Sodium metavanadate

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Sodium metavanadate
IUPAC name
Sodium trioxovanadate(V)
3D model (JSmol)
ECHA InfoCard 100.033.869
EC Number
  • 237-272-7
RTECS number
  • YW1050000
Molar mass 121.9295 g/mol
Appearance yellow crystalline solid
Density 2.84g/cm3
Melting point 630 °C (1,166 °F; 903 K)
19.3 g/100 mL (20 °C)
40.8 g/100 mL (80 °C)
97.6 J/mol K
113.8 J/mol K
−1148 kJ/mol
Main hazards Toxic, irritant
NFPA 704 (fire diamond)
Flammability code 0: Will not burn. E.g. waterHealth code 2: Intense or continued but not chronic exposure could cause temporary incapacitation or possible residual injury. E.g. chloroformReactivity code 0: Normally stable, even under fire exposure conditions, and is not reactive with water. E.g. liquid nitrogenSpecial hazards (white): no codeNFPA 704 four-colored diamond
Flash point Non-flammable
Lethal dose or concentration (LD, LC):
98 mg/kg (rat, oral)
Related compounds
Other anions
Sodium orthovanadate
Other cations
Ammonium metavanadate
Except where otherwise noted, data are given for materials in their standard state (at 25 °C [77 °F], 100 kPa).
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Infobox references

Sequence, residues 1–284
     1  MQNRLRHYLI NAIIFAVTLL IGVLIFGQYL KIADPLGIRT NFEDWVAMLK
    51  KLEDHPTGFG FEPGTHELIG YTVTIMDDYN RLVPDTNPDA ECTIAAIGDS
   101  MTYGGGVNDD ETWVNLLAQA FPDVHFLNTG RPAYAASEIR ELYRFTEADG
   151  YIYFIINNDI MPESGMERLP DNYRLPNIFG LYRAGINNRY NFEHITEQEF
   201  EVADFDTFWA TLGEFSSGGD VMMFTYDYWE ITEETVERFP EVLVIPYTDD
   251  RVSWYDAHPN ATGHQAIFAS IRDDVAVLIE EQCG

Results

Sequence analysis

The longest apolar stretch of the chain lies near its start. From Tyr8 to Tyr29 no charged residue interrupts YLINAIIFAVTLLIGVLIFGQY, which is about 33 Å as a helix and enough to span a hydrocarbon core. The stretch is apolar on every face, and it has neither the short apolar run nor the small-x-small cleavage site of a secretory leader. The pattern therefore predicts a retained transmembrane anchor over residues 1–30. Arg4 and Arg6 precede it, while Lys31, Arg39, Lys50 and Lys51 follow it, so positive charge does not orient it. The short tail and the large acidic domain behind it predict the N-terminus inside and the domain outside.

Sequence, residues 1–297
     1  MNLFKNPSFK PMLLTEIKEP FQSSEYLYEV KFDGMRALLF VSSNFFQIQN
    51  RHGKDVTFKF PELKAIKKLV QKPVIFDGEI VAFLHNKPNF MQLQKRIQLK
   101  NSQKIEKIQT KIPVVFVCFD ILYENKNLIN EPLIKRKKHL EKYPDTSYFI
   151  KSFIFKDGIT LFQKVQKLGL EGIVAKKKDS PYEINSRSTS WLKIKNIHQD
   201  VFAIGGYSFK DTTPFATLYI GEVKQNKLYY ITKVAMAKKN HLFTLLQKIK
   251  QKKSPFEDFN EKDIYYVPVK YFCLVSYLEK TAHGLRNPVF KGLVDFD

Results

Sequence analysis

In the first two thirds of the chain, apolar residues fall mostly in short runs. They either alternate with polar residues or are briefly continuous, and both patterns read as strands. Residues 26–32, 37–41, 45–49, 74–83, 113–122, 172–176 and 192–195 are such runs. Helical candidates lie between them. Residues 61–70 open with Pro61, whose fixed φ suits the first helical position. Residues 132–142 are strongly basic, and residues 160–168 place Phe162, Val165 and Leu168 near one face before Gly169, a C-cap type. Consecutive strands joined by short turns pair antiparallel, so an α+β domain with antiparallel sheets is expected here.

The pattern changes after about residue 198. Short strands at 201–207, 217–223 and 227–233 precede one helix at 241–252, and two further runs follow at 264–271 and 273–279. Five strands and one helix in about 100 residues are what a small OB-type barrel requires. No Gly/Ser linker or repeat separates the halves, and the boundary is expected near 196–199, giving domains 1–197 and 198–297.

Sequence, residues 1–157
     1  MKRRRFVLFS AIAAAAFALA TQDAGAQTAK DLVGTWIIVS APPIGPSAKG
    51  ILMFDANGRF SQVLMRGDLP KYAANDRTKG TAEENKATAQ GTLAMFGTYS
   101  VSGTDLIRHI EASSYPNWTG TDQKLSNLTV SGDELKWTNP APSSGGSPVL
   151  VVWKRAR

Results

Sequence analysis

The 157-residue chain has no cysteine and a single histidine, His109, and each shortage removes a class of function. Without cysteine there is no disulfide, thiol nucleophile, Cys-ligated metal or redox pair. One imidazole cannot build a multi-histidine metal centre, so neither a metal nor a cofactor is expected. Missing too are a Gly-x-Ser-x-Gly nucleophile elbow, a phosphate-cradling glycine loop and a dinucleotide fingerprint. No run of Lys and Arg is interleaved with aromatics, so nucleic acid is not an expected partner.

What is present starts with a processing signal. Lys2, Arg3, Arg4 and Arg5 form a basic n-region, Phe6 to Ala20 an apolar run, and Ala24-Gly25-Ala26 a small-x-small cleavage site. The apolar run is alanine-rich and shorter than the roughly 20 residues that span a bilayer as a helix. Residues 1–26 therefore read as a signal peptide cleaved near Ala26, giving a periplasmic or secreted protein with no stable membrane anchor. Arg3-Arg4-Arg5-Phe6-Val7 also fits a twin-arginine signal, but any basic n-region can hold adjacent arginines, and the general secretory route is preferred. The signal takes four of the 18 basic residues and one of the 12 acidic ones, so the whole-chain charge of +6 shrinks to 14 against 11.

Chain of vanadate VO4 tetrahedral units, each sharing two corners

Sodium metavanadate is the inorganic compound with the formula NaVO3.[1] It is a yellow, water-soluble solid. Its natural forms include mineral metamunirite (anhydrous) and a dihydrate, munirite. Both are very rare, metamunirite is now known only from vanadium- and uranium-bearing sandstone formations of central-western USA and munirite from Pakistan and South Africa.[2]


  1. ^ Kato, K.; Takayama, E. (1984). "Das Entwässerungsverhalten des Natriummetavanadatdihydrats und die Kristallstruktur des beta-Natriummetavanadats" [The dehydration activity of sodium metavanadate dihydrate and the crystal structure of β-sodium metavanadate]. Acta Crystallogr. B40: 102–105. doi:10.1107/S0108768184001828.
  2. ^ "Munirite". Mindat.